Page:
I teach my students the same principles that I apply to my own art practice. As artists, we must think critically about ourselves and our community; we must have a clear sense of who we are and why we express ourselves using the modes that we do. I focus on teaching students to think like artists, so that they may learn to communicate their ideas both intuitively and intelligently.
Art has the power to reveal the inner self. Each person has a unique vision, and the job of the teacher is to help students translate their visions into works of art. I give students the room to develop their sensibility, and find their unique voice so that they may realize their potential. I teach the value of asking questions and critical thought, looking beyond the surface for answers, and exhibiting the rewards of creative problem solving through the art-making process.
Art-making is both a subjective and an objective process. It is an extremely personal experience. Selfreflexivity is derived from an investigation of the self and the self in relation to the community. Reinforcing personal truths and encouraging students to move beyond social conditioning helps students identify the roots of their beliefs, and enables the student to arrive at a place where he or she can generate ideas and evaluate ideas/information posed by others. Teaching students the value of actively producing ideas and opinions also encourages confidence in one’s own internal resources thereby encouraging autonomy.
Making a work of art relevant to others requires that the student learn to think objectively. Effective communication requires a careful investigation of language, and a sense of the universal in the personal. To help students locate themselves within a larger social framework, I encourage investigation of ideas and relationships between ideas, and I encourage discussion and critique to highlight differences in people’s interpretation of information.
Creating a successful work of art requires both well-developed ideas and technical mastery of a given medium. Teaching students to apply their ideas to a particular medium requires both linear/concrete and abstract/conceptual thought. Use of metaphor inspires abstract thought, and allows the students to find answers through their imagination and intuition. Concrete/linear thought is essential to the technical realization of an art-work. Where the magic lies however is in creative problem solving, for it is the merging of abstract and concrete thought where one can begin to learn from the materials, to see and translate how objects and representations best reflect and communicate one’s visions.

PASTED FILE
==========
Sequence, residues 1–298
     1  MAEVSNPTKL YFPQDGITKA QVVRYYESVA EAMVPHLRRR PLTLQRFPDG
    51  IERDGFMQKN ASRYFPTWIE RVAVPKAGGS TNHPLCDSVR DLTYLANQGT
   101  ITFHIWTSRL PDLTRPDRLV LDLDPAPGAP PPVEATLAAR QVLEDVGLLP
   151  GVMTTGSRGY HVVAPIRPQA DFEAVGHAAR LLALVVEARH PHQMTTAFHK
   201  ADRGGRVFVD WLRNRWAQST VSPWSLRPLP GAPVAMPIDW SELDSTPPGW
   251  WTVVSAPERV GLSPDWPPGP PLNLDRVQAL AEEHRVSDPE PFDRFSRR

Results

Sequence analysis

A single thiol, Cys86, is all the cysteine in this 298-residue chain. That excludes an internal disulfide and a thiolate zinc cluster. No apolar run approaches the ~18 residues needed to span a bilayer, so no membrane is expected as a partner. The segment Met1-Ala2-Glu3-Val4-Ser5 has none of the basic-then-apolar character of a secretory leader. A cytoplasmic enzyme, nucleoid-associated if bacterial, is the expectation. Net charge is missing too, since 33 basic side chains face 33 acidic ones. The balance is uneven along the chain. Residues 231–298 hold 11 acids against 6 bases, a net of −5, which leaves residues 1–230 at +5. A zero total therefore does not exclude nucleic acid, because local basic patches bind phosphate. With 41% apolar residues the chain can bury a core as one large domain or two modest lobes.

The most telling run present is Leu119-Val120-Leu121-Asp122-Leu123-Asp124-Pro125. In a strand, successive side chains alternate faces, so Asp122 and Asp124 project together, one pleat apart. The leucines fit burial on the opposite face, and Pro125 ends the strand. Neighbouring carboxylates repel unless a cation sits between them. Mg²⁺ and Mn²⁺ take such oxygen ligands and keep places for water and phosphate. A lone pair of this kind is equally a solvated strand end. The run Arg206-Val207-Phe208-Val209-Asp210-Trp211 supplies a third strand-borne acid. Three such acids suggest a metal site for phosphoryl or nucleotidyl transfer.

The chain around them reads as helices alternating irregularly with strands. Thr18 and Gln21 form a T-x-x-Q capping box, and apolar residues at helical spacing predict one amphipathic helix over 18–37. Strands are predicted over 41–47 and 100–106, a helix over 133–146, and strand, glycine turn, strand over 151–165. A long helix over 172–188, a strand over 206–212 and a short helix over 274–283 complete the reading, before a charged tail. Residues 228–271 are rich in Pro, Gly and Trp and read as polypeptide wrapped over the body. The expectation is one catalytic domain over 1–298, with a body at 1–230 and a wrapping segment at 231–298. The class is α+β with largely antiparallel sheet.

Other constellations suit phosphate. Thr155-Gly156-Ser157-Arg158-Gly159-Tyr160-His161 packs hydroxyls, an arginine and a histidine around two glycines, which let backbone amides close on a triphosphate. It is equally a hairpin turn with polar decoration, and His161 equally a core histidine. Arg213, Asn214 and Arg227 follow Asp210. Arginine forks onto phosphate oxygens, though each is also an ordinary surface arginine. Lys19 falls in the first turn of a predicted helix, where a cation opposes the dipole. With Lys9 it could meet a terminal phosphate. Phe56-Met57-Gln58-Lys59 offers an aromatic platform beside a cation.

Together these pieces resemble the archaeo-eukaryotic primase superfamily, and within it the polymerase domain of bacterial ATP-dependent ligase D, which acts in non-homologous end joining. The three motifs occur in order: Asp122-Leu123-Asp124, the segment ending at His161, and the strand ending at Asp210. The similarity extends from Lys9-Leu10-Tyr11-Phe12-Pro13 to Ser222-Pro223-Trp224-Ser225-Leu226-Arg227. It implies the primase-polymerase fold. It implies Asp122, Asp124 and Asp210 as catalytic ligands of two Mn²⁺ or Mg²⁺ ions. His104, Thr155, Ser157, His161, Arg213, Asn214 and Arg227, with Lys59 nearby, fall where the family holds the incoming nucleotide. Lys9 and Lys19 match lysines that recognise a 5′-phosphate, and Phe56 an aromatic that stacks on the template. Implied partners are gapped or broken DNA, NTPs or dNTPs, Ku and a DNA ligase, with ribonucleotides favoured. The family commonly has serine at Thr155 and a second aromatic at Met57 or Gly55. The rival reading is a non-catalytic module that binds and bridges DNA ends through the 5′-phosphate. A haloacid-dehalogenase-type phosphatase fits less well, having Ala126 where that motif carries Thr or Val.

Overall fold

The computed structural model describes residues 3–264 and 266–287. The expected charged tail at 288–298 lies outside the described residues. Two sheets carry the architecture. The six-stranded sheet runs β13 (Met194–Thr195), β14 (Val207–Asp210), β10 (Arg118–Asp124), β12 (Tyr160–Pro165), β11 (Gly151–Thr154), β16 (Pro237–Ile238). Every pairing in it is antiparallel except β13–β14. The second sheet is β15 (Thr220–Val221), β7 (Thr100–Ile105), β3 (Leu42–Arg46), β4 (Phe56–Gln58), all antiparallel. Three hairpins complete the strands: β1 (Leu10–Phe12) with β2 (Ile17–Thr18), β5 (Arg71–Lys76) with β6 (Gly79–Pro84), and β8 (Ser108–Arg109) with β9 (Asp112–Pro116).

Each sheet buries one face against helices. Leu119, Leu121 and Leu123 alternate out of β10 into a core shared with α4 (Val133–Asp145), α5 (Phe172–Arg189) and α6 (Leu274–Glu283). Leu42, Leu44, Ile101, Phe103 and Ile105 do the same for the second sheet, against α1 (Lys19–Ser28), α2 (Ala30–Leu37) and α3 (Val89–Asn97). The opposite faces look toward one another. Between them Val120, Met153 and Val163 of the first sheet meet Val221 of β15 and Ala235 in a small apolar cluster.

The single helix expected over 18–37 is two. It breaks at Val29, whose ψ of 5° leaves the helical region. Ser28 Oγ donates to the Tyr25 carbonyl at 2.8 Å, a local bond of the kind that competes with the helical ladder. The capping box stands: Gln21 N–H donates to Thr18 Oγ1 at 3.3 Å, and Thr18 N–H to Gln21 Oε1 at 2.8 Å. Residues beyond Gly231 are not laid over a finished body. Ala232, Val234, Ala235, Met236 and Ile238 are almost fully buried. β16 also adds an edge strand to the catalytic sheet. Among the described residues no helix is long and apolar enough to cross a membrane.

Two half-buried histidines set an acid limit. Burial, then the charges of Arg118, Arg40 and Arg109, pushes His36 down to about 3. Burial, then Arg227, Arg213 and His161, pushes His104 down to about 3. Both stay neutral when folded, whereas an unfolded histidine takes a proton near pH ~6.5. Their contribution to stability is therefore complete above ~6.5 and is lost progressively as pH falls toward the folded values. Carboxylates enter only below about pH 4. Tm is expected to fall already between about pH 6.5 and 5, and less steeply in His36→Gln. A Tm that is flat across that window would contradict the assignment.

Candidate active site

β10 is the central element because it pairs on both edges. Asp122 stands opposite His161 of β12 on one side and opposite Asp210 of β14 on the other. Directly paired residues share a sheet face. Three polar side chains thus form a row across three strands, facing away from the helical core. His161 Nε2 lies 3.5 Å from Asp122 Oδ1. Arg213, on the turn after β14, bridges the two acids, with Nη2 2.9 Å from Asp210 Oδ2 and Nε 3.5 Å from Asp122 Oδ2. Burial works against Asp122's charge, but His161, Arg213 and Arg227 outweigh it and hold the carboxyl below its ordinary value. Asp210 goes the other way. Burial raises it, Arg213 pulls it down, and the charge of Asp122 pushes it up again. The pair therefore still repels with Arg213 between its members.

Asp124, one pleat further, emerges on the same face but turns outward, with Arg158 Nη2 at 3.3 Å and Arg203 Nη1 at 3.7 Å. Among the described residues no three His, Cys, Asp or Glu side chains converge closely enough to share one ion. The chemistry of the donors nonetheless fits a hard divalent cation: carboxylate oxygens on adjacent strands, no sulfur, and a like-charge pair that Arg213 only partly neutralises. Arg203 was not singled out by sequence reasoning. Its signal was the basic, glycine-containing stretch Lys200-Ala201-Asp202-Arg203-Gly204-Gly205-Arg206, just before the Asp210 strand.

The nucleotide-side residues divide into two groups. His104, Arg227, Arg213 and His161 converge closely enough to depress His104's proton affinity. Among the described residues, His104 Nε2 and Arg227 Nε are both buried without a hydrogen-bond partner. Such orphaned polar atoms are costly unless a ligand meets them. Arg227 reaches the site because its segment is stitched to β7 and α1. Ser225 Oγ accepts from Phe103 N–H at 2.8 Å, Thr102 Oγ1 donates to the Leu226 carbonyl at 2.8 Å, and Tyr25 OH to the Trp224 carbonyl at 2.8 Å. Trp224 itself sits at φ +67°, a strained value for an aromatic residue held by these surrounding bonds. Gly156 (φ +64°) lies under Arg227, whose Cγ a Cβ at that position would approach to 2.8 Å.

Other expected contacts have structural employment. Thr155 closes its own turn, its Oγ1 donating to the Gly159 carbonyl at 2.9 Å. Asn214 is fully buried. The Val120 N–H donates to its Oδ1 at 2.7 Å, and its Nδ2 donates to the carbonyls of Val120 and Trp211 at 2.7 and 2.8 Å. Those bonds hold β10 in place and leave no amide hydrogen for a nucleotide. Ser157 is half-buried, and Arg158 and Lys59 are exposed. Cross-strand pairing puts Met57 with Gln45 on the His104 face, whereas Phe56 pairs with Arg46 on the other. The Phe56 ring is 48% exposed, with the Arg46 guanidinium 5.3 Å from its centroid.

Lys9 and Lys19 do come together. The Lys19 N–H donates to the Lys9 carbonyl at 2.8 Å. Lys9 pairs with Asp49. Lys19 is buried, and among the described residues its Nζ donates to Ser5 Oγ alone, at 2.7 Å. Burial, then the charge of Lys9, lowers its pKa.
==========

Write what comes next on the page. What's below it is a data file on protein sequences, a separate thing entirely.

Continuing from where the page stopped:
Advancements in science, technology, and research methodologies offer new modes of expression and an expansive potential for dynamic learning environments. I highlight the importance of mixing media, crossing academic disciplines, and having a skill set that enables one to communicate diverse concepts. I am an engineer/scientist/artist. I am always asking questions, and responding to the mysteries everywhere around us. I use art to facilitate an understanding of who I am within this rapidly changing landscape and to discuss the way technology impacts our lives.
I am passionate about teaching. The classroom is a space for me to grow along with my students. I bring to the classroom a myriad of personal experiences and academic successes that I hope to share with my students. As a woman and a technologist, I am thrilled that I could become a role model in the field of technology. By providing expertise, compassion and a clear focus for each new skill and goal, I empower students to actualize their ideas through art. I hope that my students can leave school secure in the knowledge that their ideas and solutions can be rich and relevant, and confident in their ability to realize their potential. Learning is a lifelong process; my goal as a teacher is to whet the appetite of students so that they will be motivated to find inspiration in the world, and go beyond the classroom experience.